marketing-6.jpgHere's the new brand--same as the old brand.

It might sound like a crazy way to start off the last blog in a series about the rebranding of a company, but at the end of the day, it was less about how Pete Wiltjer would change his brand and more about how he changed the way he presented it. He's got a new website, complete with new copy, integrated social networking tools and a new logo. But he's still sending the same message, as illustrated by the photo here: "I help you find the right people." In the five years since Wiltjer first got into the PR game, finding the right people has taken on a whole new meaning. With the emergence of social networking as a mainstream marketing tool, he's putting himself out there as someone who can help clients properly use social networking tools and filter out the noise that can also be created by them.

"Business communication since five years ago has changed," he says. "Now it's a lot more interconnected and everyrone has to maintain multiple networks."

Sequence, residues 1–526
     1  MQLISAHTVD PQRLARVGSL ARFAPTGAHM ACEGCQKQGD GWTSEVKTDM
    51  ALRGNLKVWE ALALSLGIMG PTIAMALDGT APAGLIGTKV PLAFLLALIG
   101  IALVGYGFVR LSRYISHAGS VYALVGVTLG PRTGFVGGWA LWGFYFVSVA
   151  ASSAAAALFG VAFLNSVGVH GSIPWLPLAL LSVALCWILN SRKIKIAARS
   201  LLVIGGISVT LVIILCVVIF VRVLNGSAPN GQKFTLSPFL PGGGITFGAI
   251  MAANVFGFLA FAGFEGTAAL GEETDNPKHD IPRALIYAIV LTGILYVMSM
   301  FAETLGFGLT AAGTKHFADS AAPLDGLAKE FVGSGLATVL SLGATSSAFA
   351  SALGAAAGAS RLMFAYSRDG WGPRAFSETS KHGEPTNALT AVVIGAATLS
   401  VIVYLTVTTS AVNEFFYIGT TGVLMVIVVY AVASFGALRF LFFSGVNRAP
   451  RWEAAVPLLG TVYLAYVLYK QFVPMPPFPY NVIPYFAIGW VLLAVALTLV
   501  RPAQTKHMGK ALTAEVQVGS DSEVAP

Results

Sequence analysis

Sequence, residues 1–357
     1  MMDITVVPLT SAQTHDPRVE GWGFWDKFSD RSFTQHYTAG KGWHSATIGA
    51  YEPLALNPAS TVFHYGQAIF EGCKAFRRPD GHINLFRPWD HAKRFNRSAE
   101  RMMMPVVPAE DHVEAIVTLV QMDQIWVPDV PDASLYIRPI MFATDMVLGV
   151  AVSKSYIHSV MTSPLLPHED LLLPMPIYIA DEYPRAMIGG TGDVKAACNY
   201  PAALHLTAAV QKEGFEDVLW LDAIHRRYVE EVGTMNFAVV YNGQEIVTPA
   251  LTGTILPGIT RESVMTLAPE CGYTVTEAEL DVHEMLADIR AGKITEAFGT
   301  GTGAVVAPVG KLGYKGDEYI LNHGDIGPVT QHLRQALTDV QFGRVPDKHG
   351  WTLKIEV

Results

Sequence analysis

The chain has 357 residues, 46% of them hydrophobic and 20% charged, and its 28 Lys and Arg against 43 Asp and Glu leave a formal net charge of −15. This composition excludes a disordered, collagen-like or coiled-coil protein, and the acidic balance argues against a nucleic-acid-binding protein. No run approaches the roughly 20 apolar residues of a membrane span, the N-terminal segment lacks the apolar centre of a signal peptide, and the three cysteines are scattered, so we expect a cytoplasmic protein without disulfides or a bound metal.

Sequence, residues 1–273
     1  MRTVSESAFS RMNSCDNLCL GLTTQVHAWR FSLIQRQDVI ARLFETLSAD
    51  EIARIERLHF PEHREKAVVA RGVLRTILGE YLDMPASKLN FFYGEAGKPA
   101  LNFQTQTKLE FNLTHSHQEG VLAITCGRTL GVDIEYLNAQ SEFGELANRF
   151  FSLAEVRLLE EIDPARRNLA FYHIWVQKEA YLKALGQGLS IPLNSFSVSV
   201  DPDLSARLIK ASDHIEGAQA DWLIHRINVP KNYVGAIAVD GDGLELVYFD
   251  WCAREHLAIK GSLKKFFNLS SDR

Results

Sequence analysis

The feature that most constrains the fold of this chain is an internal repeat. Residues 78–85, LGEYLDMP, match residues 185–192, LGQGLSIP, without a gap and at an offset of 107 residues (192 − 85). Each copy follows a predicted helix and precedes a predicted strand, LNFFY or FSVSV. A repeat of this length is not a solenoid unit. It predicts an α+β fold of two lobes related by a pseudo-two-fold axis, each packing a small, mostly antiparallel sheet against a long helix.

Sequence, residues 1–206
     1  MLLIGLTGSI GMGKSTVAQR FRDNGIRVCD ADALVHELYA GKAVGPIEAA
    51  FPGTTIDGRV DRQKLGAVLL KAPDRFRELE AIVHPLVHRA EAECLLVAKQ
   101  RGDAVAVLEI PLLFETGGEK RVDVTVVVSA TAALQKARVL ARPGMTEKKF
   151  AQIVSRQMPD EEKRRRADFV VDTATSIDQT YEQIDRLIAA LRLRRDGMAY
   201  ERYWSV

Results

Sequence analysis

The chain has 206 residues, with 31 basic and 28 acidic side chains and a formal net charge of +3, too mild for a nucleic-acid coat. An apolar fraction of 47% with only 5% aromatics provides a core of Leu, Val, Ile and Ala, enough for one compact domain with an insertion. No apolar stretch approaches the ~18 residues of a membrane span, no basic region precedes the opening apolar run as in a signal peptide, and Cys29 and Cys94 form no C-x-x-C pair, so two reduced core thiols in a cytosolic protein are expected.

Wiltjer says it's that idea of interconnected networks that played a large part in the selection of his new logo. He's been diligent about maintaining his own web of networks, as well, and was recently able to mine a potential new client through his connection with an old friend on Facebook.

Despite his emphasis on modern social networking tools, Wiltjer's overall goal in terms of his new website was to simplify it. He's gone away from the model of the old site, which sought to outline around 20 of the services offered by the company. The new site will have a less-is-more approach on its homepage to make it easier for existing clients and prospects alike to get started. It will also highlight some third-party case studies, something Wiltjer recommends to many of his clients as a way to provide examples of their companies' successes rather than turn off prospects with desperate sales pitches.

Overall, Wiltjer says that's been the biggest lesson he's been able to take away from his rebranding project--the idea that it's more effective to pitch something to a client when it's something you're already done for your own business.

"Now I have a personal reference for some of the advice I pass on," he says. "I can say, 'This is how it worked for me.' It seems to resonate with people more strongly than if I say I was hired to do it for someone else."

If you want to keep up with Pete, you can find him at Entrepreneur Connect, where he goes by pwiltjer.